Copyright 2003 American Medical Association. All Rights Reserved. Applicable FARS/DFARS Restrictions Apply to Government Use.2003
Perhaps the greatest honor bestowed on the president of the American Head and Neck Society is the opportunity to speak at the annual meeting. I have chosen to address 2 topics of great concern to me: the training of head and neck surgeons and the care of head and neck patients.
Two years ago in San Francisco, our president, Jesus E. Medina, MD, in his inspirational address entitled "Tragic Optimism vs Learning on the Verge of More Change and Great Advances," analyzed the factors that influence the decision of residents to select advanced fellowship training in head and neck surgery.1 He challenged us to be flexible and reminded us that the future belongs to those who are learners and can cope with change, not to those who are learned and live in the past. The following year, responding to that challenge in his presidential address, Ernest A. Weymuller, Jr, MD, explained how the American Head and Neck Society had modified fellowship training, making it more flexible and permitting 1-year fellowships with appropriate curricula.2 He warned us about disturbing trends in applications to otolaryngology residencies and challenged the leadership of the specialty to modify residency program requirements.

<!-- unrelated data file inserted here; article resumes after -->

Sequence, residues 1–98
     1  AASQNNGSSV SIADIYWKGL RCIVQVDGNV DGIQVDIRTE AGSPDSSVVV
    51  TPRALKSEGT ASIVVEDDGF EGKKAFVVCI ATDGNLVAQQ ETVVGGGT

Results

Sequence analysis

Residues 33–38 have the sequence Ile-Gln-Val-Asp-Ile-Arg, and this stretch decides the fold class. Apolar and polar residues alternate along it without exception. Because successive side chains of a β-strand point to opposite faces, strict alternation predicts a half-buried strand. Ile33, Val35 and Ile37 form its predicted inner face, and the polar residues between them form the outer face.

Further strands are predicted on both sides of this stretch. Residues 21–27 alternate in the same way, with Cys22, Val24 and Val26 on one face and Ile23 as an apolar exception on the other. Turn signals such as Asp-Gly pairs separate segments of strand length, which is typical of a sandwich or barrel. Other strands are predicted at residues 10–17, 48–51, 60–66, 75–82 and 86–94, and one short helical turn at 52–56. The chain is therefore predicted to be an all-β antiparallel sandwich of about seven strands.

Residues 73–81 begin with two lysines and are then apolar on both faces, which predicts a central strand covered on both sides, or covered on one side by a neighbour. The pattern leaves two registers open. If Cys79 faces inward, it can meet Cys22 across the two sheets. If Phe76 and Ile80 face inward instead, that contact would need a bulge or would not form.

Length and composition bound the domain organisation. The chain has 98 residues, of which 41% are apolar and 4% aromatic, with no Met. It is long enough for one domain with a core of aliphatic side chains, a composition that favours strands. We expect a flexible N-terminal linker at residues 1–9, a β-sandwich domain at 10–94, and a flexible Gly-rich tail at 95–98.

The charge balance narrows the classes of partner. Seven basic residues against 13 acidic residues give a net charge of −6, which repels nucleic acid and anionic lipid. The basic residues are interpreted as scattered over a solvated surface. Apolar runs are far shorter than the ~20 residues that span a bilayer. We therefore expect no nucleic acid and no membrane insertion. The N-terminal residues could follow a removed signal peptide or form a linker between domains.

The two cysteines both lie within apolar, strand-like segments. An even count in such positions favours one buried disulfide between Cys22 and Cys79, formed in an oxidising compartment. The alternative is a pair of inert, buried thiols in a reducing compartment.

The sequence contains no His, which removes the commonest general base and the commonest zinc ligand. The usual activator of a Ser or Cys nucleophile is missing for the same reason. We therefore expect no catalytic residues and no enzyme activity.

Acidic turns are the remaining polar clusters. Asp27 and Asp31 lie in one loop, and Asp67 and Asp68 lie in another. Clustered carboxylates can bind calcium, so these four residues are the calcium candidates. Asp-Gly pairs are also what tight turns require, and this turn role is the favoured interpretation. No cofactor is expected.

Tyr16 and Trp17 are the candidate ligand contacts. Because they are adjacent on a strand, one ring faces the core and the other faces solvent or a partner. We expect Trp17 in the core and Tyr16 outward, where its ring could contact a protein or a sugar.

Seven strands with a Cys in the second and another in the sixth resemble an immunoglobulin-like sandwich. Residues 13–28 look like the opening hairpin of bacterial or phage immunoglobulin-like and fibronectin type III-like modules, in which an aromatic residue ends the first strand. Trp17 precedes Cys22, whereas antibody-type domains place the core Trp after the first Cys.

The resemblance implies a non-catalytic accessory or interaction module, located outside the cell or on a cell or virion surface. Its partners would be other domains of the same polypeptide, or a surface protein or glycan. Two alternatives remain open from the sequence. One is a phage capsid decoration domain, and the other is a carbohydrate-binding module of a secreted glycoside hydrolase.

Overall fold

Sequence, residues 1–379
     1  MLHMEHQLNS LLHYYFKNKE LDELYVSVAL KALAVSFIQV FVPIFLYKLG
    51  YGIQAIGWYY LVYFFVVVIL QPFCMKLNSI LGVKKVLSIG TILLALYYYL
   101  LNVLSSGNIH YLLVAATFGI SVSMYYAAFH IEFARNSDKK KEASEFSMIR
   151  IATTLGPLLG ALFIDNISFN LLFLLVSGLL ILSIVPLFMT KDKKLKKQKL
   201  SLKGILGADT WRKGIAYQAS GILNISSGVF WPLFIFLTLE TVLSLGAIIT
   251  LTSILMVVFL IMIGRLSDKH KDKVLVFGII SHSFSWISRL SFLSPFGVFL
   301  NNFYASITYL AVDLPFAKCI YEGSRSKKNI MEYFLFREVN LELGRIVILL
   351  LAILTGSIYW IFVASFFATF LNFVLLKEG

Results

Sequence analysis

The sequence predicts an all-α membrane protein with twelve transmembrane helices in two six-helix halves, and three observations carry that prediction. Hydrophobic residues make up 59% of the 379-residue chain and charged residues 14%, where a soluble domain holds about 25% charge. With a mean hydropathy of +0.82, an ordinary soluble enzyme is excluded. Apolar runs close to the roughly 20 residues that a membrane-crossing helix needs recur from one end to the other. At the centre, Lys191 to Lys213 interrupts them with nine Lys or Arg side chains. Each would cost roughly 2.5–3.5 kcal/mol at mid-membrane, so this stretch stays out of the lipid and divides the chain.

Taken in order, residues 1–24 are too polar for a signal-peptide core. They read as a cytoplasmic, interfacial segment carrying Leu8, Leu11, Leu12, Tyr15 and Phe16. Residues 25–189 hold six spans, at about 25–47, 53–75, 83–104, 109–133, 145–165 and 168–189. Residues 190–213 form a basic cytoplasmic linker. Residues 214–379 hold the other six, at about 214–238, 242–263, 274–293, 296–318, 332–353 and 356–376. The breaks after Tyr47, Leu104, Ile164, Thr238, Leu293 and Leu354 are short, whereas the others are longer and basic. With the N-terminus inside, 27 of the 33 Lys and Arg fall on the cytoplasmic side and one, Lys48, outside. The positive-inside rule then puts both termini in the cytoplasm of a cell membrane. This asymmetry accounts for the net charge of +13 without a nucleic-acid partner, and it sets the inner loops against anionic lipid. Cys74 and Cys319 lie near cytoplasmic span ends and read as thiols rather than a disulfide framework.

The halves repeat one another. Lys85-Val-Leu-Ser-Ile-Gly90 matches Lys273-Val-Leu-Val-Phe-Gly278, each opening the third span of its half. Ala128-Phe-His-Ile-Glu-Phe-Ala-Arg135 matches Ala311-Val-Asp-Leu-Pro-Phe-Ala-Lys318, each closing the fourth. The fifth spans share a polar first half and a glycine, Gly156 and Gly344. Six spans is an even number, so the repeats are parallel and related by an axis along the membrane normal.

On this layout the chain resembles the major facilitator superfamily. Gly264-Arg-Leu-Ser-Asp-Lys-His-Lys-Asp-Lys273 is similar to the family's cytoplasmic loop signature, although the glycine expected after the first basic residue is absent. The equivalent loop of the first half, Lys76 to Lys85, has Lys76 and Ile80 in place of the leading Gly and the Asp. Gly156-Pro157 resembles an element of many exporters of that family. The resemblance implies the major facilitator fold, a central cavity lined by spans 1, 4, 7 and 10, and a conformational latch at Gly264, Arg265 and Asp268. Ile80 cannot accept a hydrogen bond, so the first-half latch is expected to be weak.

Heller KS. The Training of Head and Neck Surgeons: The Care of Head and Neck Patients2002 Presidential Address, American Head and Neck Society. Arch Otolaryngol Head Neck Surg. 2003;129(1):9-13. doi:10.1001/archotol.129.1.9